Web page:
The CMCH_Act, defined corporate manslaughter in England, Wales and Northern Ireland, and corporate homicide in Scotland, and was given Royal Assent on Thursday 26th July 2007, coming into force on Sunday 6th April 2008, and was fundamentally devised to hold both small and large organisations to account. Yet none of those, aforementioned 26 companies prosecuted under the CMCH Act have been large organisations. In contrast to the 26 prosecutions under the law of corporate manslaughter in England, Wales and Northern Ireland, in almost twelve years there have been no prosecutions in Scotland under the law of corporate homicide. For this reason, Claire Baker, Member of the Scottish Parliament put forward a proposal for a Bill to reform the law to ensure ‘where loss of life is caused by the recklessness or gross negligence of individuals, companies or organisations that, where proved, the wrongdoer can be convicted of the offence that reflects the appropriate seriousness and moral opprobrium of what occurred’. The final proposal was lodged with The Scottish Parliament on Tuesday 12th November 2019. This Private Member’s Bill has since received the right to be introduced and subject to the three-stage scrutiny process.
The ineffective nature of implementing corporate law can be seen globally and is not localised to the UK. This can be illustrated through the SNC-Lavalin scandal that demonstrates how: ‘Canada is weak on corporate crime’. The law is manipulated to favour ‘powerful interests, and the unprecedented power of multinational corporations’. Such crafting leaves ‘ordinary people exposed to the harms that result from corporate greed taking precedence over the rule of law’. According to Professor Gary Slapper, ‘Justice is mocked if an important law goes unenforced‘ and this has certainly been exemplified by the lack of successful prosecutions under the CMCH Act, when compared to the thousands of fatalities, resulting from gross breaches of a duty of care. A key criticism of this law is the loophole in the form of the inclusion of section 18, which explicitly states ‘No individual liability’.
On Friday 21st July 2006, in response to the government publishing the Corporate Manslaughter Bill, Dorothy Wright, a founder member of Families Against Corporate Killers (FACK) stated: “Having read it I don’t feel the bill is worth the paper it is written on”. Furthermore, Hazards Campaign noted that FACK met with Labour Government ministers and argued without success, for individual Directors Duties and Responsibilities to be included in a bid to tighten up the Bill. In the light of this, FACK openly claim that the CMCH Act was a betrayal of families as soon as it was passed. Thirteen years in the making (between the initial proposals in 1994 and the introduction of the CMCH Act) its legacy is that companies which kill will never be anything more than symbolically ‘at risk’ of a corporate manslaughter conviction. Therefore, this leads to multiple questions including: what was the purpose of enacting an ineffective law? and: Who stands to benefit from it?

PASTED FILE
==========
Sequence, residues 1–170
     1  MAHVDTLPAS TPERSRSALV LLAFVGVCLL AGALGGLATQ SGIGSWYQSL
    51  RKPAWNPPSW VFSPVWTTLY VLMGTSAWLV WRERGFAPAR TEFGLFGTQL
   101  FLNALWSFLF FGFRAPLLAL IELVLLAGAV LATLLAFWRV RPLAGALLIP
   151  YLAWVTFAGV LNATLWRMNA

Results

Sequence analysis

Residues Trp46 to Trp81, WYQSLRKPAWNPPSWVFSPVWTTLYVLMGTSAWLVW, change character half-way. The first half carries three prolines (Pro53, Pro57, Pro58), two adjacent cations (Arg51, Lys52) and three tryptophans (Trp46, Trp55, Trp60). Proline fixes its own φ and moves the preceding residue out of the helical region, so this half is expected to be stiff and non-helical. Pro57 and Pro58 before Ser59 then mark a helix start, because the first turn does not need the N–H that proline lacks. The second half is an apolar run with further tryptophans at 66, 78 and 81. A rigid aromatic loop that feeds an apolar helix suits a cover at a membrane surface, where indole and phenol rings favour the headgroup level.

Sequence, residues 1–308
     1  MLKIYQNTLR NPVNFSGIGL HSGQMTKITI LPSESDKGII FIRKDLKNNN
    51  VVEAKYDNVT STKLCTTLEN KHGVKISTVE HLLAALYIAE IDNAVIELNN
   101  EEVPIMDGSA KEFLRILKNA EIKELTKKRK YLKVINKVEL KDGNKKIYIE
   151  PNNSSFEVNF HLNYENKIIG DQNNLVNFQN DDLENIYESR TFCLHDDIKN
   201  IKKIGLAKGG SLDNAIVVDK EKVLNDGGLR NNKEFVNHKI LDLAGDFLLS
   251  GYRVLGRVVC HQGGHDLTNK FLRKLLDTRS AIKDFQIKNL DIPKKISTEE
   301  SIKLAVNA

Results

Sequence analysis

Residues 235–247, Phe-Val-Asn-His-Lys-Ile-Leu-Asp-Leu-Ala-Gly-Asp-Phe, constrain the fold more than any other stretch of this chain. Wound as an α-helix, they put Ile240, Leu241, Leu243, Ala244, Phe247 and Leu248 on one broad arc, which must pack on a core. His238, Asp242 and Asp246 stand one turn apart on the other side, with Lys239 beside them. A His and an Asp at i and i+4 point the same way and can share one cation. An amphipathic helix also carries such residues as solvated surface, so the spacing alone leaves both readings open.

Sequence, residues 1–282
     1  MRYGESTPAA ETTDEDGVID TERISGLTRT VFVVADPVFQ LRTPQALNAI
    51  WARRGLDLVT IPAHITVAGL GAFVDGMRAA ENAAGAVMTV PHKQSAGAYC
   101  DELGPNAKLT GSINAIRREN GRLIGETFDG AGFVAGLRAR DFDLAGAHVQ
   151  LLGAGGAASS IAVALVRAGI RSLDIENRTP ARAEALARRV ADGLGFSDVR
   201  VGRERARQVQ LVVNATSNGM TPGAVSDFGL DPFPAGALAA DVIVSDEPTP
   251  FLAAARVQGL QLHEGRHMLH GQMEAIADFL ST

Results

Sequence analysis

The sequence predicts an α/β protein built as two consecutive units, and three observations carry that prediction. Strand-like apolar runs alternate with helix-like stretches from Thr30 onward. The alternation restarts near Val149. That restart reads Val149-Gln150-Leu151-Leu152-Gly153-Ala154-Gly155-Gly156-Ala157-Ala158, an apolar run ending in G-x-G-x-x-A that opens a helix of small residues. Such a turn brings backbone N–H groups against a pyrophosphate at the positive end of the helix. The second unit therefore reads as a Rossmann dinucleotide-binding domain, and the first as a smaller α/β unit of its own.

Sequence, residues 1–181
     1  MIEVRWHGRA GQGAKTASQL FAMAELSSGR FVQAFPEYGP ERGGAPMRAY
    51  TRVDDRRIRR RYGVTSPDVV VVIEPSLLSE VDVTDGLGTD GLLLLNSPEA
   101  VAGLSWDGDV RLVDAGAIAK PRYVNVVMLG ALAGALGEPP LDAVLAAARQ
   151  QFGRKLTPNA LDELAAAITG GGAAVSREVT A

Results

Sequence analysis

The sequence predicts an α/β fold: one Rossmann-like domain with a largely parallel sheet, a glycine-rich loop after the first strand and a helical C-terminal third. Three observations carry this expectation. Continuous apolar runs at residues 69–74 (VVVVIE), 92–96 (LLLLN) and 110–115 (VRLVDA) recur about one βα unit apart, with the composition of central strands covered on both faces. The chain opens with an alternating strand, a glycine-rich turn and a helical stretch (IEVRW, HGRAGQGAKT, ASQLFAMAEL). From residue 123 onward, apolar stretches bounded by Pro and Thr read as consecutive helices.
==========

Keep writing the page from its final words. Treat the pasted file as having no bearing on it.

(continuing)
It has taken the death of a further 72 people (increasing the corporate death toll rate) and the high profile nature of the Grenfell Tower tragedy to yet again unmask the ineffectiveness of the CMCH Act.. Almost fourteen years after the government published the Corporate Manslaughter Bill, FACK’s response proved to be predictively accurate. ‘A fine however large is not an appropriate or a proportionate penalty for the crime of killing a person by flouting health and safety law which is in fact criminal law. Larger corporations will pay the fine and carry on killing and maiming as usual’.
The Grenfell survivors, those bereaved and the community, should not have to play a pivotal role in pursuing truth, justice and accountability. However, their publicised plight may serve to save other families from suffering the same fate at the hands of large organisations/corporations whose actions appear to be beyond the reach of the CMCH Act. The legislation has to be reviewed. Adopting Claire Baker’s Proposed Culpable Homicide (Scotland) Bill which encompasses an appropriate sentence for the wrongdoer is a fairer form of justice. For this reason debate around enacting reform into the UK’s Corporate Manslaughter and Corporate Homicide laws must be prioritised.
Originally posted on: sharonhartles.weebly.com
Sharon Hartles, Open University
Images: courtesy of the author